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Stage West one-man show 'I Am a Teacher' a bit predictable

I Am a Teacher

Through Sunday

8 p.m. today and Saturday; and 3 p.m. Sunday

Stage West, 821 W. Vickery Blvd., Fort Worth


817-784-9378; www.stagewest.org

Posted 12:19am on Friday, Oct. 19, 2012

The class will now come to order.

I Am a Teacher, the one-man show written and performed by David Marquis that opened at Stage West on Thursday, takes us through a year in the life of a harried urban schoolteacher who finds every day to be a battle. Yet he loves the war so much that he has stayed 40 years in the trenches.

Marquis, an Austin College graduate, has compiled quite a track record with this show. He has been doing it since 1977 (although the material is obviously updated) and has presented it around the country and has traveled around the globe promoting education and other causes.

In the show, he is history teacher Ben James. He is, of course, a wonderful and inspiring teacher whom we all would have loved to have had. He cares deeply about his students, passes his crusty wisdom on to the new teacher and attacks parents and his assistant principal with righteous zeal.

He takes special care with two students, Carlos and Whitfield, and we track their progress during the two-act work, which was produced by Lyceum Corp. and presented by Stage West. That is important, because James' interaction with these unseen others saves the play from being just a lecture-monologue.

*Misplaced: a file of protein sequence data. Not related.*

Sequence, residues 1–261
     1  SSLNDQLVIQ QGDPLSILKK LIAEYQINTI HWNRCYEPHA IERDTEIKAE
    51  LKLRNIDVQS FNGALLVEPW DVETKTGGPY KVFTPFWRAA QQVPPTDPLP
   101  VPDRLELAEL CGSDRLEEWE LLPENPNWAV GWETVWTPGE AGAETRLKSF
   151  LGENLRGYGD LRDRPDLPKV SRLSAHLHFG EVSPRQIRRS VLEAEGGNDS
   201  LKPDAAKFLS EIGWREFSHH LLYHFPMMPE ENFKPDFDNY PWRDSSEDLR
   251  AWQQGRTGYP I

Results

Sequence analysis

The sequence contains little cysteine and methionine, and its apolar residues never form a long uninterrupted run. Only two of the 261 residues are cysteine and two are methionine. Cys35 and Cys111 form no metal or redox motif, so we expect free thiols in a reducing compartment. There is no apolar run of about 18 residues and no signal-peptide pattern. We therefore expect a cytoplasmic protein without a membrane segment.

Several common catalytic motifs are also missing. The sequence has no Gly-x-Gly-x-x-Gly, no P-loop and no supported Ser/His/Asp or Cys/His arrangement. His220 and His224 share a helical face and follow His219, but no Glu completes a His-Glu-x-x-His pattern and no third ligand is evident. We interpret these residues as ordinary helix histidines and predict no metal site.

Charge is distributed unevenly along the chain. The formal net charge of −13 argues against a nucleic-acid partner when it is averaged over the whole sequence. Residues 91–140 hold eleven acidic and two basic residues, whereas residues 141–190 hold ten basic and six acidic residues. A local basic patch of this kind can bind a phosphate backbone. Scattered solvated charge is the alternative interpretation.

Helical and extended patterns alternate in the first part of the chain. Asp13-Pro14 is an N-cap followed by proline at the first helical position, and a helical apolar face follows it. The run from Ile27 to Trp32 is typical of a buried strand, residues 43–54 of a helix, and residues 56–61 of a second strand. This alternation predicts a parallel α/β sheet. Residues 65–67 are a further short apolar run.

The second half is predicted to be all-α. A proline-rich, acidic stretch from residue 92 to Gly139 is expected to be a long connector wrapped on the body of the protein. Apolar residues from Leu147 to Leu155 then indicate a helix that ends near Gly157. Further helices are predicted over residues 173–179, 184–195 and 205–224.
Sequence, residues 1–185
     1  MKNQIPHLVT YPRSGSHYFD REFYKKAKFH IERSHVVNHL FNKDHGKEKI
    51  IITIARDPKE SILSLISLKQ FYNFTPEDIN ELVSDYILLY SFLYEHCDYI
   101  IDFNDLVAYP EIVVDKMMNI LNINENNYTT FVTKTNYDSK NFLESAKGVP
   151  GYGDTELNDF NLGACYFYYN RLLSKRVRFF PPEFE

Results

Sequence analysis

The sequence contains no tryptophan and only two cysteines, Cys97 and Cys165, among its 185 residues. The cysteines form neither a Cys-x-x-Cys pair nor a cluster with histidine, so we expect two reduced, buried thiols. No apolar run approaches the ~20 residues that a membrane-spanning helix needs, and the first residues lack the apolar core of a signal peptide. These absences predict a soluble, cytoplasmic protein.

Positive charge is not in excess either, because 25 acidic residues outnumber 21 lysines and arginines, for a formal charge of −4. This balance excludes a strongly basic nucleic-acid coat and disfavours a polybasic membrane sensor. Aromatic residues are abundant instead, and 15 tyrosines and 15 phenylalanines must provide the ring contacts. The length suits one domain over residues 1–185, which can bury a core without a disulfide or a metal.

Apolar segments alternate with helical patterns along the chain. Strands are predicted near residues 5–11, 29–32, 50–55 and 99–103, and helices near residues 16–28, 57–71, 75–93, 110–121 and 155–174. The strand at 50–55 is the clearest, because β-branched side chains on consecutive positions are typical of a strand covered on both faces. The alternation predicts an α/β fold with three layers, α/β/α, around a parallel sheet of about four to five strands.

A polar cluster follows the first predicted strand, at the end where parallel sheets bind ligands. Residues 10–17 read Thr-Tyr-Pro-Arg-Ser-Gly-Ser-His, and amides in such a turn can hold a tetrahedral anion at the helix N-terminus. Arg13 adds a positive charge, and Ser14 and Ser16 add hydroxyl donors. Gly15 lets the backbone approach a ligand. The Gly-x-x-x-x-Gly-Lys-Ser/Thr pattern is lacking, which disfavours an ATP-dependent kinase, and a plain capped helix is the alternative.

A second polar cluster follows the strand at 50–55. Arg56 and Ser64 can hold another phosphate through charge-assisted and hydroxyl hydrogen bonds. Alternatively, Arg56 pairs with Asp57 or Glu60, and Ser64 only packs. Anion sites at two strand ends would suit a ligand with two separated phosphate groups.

It is easy to see why Marquis has had so much success. The show is genuine, heartfelt and familiar (perhaps because others have copied him). We come to care not only about James, but also about the students he is trying to save. And it makes several points that every parent should hear.

But because we have seen and heard most of this before in some context or another, it also comes off as a bit pat and predictable (Do you think things are going to work out for Carlos and Whitfield?).

At one point in the show, directed by Ellen Locy, James remarks that parents' night is manifestly ironic because those the teachers do not need to see show up, while those they need to see are nowhere to be found.

So too does this show probably preach to the choir. Teachers especially have no need to attend. Anyone who has fallen asleep at the kitchen table grading papers does not need to see someone do it onstage.

Since my spouse is a high school teacher, I understand exactly where Marquis is coming from. That may be why I had trouble engaging this play as theater rather than as a fiery speech to those who have already voted yes.

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